Building your brand on

Although this YouTube video is primarily focused on highlighting the paradigm shift in mass communications to 1-on-1 communication, the more important message here is about the opportunity to build a brand in a virtual, social environment.

Consistent with characteristics of a community, second life is made up of residents that create their world, their identity, and choose their friends. More importantly, they thrive on word of mouth recommendations. As viral communication thrives, Secondlife provides yet another platform for sharing.

Residents create avatars reflecting their personal identity in this virtual world. And many brands are already taking advantage of this. Avatars can visit the American Apparel virtual store to view the latest clothesline, buy Dell computers, and read news updates from Reuter.

And you thought is was all for online gamers, recently Secondlife became one of the cutting edge virtual classrooms for major colleges and universities including Harvard, Stanford, and Princeton. Administrators host lectures, inform students of projects and chat live outside of the traditional classroom.

The future of the virtual platform is at its infancy. At a virtual world conference in October 2007, IBM and Linden Lab announced plans to develop open standards that will allow avatars to roam from one virtual community to the next. The goal is let a person create a digital alter-ego that can travel to many virtual worlds, keeping the same name, look and even digital currency. And Secondlife isn’t the only opportunity to get involved.

If you’re not sold yet, there are hundreds of ad, design and marketing agencies dedicated to creating destinations and opportunities on Secondlife. If hundreds of companies are being created to simply service this platform, it’s definitely not a fad.

With the increase of clean-store policies, companies must build their brands out of store to influence that purchase decision before they walk in the door. And with consumers spending less time with traditional media and more time online, companies must shift dollars to reach them. Promo Magazine Industry Trend Report for 2007 reported that marketers are spending 32% of their promotional dollars online (only higher medium was Direct Mail) to generate promotional support.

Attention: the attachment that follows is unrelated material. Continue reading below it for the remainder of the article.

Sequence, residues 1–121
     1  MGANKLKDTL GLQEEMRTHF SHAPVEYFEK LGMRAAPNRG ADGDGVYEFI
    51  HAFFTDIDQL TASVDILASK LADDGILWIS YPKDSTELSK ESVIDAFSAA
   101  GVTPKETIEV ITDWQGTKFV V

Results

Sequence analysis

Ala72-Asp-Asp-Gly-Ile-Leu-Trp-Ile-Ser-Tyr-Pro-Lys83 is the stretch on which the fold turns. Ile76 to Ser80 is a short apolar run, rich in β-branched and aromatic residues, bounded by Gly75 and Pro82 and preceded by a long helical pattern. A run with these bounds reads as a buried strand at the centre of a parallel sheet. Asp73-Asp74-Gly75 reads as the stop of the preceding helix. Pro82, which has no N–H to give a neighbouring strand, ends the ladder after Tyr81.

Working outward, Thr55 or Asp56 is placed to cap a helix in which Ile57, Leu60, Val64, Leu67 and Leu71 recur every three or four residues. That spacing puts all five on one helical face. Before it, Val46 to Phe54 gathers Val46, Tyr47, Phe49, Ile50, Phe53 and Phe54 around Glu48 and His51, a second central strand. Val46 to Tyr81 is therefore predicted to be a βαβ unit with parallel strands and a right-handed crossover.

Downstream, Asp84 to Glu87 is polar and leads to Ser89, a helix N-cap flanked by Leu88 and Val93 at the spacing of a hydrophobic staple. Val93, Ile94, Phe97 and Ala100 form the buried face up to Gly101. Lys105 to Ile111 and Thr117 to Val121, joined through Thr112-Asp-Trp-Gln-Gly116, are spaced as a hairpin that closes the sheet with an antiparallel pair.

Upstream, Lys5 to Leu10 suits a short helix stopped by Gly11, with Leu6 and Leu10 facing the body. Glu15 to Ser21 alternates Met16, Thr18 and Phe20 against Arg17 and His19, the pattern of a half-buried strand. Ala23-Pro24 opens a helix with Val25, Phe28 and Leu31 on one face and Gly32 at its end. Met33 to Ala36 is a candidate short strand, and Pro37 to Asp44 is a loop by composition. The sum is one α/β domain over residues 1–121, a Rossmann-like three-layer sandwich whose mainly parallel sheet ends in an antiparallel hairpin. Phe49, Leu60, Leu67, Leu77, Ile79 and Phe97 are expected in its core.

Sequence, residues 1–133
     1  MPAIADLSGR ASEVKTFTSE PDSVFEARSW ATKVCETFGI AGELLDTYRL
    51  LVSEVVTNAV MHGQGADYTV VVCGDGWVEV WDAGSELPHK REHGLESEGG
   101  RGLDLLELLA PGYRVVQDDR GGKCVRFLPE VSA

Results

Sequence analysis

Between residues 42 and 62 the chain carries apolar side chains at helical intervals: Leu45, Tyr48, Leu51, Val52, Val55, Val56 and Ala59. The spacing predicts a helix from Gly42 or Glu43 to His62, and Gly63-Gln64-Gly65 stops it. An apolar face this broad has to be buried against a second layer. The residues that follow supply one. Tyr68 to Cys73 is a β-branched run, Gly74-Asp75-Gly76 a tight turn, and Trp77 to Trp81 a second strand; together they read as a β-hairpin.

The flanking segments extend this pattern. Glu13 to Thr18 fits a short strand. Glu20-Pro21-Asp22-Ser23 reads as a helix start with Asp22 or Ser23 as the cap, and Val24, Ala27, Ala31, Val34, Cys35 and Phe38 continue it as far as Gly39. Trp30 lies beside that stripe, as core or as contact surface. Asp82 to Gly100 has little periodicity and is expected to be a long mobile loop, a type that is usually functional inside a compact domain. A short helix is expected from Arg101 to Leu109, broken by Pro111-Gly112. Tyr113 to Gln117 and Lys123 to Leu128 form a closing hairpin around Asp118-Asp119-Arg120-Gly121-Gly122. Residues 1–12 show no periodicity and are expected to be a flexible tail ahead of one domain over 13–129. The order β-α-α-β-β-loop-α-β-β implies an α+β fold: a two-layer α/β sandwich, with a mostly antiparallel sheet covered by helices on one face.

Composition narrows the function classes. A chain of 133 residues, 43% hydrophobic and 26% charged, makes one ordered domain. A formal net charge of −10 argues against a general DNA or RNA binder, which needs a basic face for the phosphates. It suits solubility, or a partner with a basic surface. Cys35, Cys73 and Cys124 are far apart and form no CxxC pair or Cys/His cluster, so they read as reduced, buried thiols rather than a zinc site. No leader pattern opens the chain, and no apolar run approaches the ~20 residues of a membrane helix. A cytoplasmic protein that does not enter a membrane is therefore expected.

From tracking consumer “IM” relating to your product to testing a new product before it hits the shelf, Secondlife provides research capabilities as well. These residents are early adopters and will champion new products if you give them the opportunity. Building brand loyalty takes time and trust, and Secondlife provides a highly-targeted medium to reach current and future customers.

Afraid of jumping in and taking a risk? You should be more afraid of getting soaked on the sidelines from your competitors’ cannonball. It’s just a matter of time before your competitors announces their presence. Andrew McGregor expressed this in the YouTube piece, but I agree. “In five years, the brands with the most social presence online, will also be the most competitive in the marketplace.”

– Contributed by Kelly Walz